In the meantime, continue to ignore calls from the Consensus Macro community that wages are the primary driver of inflation; wage growth has literally done nothing since the recovery began back in mid-2009. On a highly subjective government calculation that can only really go from +1% YoY to +4% YoY (barring the financial crisis), it’s all about identifying what’s occurring on the margin within that band of probable outcomes. And what’s occurring on the margin now is decidedly disinflationary.
This continues to support our long-held assertion that: “If you get the US dollar right, you’ll get a lot of other things right in macro”.
Investment Conclusions: Sell Sell/Short/Underweight EM Equities
As you are likely well aware, we had been trumpeting a number of long ideas in the EM space in recent months and quarters. As of today, however, we are effectively removing these ideas from our active ETF recommendations. In the bullets below, we walk through our risk management thoughts around these positions:
- Sell India (EPI); Look To Buy It Back Lower: We still really like India long-term from a long-term TAIL perspective, but we are happy to risk not participating in further upside for the ability to reallocate capital at lower prices. We are not paid to willfully ignore macro risks. India is a current account deficit economy that requires a steady stream of capital inflows to sustain its economic growth and financial asset prices. Over the time frame that we’ve been actively recommending the EPI ETF on the long side, it has gained +22%, which has bested the MSCI All Country World Index’s +4.8% advance by 1724bps.
- Sell “Old China” (FXI); Look To Short It On the Bounce(s): We no longer like China here. As long as EM Equity beta is set to remain negative for a sustained period, we think investor sentiment around policy fine-tuning and the Shanghai/Hong Kong exchange linkage that has effectively buoyed Chinese equities in the face of deteriorating economic growth is set to wane. Over the time frame that we’ve been actively recommending the FXI ETF on the long side, it has dropped -2.6%, which has trailed the MSCI All Country World Index’s -2.2% decline by -36bps.
- Indonesia (EIDO); Look To Buy It Back Lower: We like Indonesia from a long-term TAIL perspective as well, but, like India, Indonesia is a current account deficit economy that requires a steady stream of capital inflows to sustain its economic growth and financial asset prices. Over the time frame that we’ve been actively recommending the EIDO ETF on the long side, it has gained +20.5%, which has bested the MSCI All Country World Index’s +7.8 % advance by 1270bps.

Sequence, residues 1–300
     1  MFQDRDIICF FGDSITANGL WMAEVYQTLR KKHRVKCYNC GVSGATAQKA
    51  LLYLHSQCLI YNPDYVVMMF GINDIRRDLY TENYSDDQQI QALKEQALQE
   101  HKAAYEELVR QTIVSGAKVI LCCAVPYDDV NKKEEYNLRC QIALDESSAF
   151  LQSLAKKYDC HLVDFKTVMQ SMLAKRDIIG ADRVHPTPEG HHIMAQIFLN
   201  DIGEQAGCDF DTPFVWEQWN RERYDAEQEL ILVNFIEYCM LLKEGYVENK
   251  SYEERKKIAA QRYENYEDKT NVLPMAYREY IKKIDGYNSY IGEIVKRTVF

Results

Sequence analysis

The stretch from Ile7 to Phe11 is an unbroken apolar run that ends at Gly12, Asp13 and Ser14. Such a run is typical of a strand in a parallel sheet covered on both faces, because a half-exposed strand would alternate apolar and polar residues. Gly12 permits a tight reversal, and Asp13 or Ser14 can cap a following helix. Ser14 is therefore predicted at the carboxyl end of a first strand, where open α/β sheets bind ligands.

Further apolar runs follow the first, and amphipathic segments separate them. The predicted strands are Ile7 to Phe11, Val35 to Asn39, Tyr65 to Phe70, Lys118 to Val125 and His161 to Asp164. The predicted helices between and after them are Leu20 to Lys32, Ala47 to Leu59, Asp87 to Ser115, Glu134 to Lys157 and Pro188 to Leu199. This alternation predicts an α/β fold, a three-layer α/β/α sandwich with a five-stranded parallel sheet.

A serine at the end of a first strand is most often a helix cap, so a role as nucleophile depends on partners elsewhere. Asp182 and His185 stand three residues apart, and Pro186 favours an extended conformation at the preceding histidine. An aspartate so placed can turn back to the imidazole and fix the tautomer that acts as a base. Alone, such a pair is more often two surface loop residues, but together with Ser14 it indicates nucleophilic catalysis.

- Sell EM USD Debt (EMB): Tons of spread risk throughout the investment grade universe, as most recently highlighted by BlackRock’s latest commentary regarding the state of bond market liquidity: http://www.bloomberg.com/news/2014-09-22/blackrock-urges-changes-in-broken-market-for-corporate-bonds.html. Over the time frame that we’ve been actively recommending the EMB ETF on the long side, it has gained +3.1%, which has bested the iShares Barclays Aggregate Bond Index’s +0.9% advance by 220bps.
- Sell/Short A Broad EM Equity Index (VWO): Both Keith’s quant model and TACRM say, “SELL”, so we sell. In fact, we are now comfortable recommending this ETF on the short side. The best shorts are almost always former long ideas, but many investors find it difficult to make the switch with any conviction. Over the time frame that we’ve been actively recommending the VWO ETF on the long side, it has dropped -6.3%, which has trailed the MSCI All Country World Index’s -1.3% decline by -498bps. To our credit, however, we were merely swapping out EEM for VWO due to the former’s overallocation to Korean equities; the EEM ETF gained +13.6% over the time frame we were actively recommending it on the long side, which bested the MSCI All Country World Index’s +5.8% advance by 775bps. Net-net, we’re looking at a net +7.2% gain that would’ve produced a net +278bps of alpha for investors. Not terrible…
We’ll be back in the coming weeks with more country-specific EM short ideas as well. At first glance, both China and Brazil jump off the top of our heads as obvious places to begin the search.
Best of luck out there,
Associate: Macro Team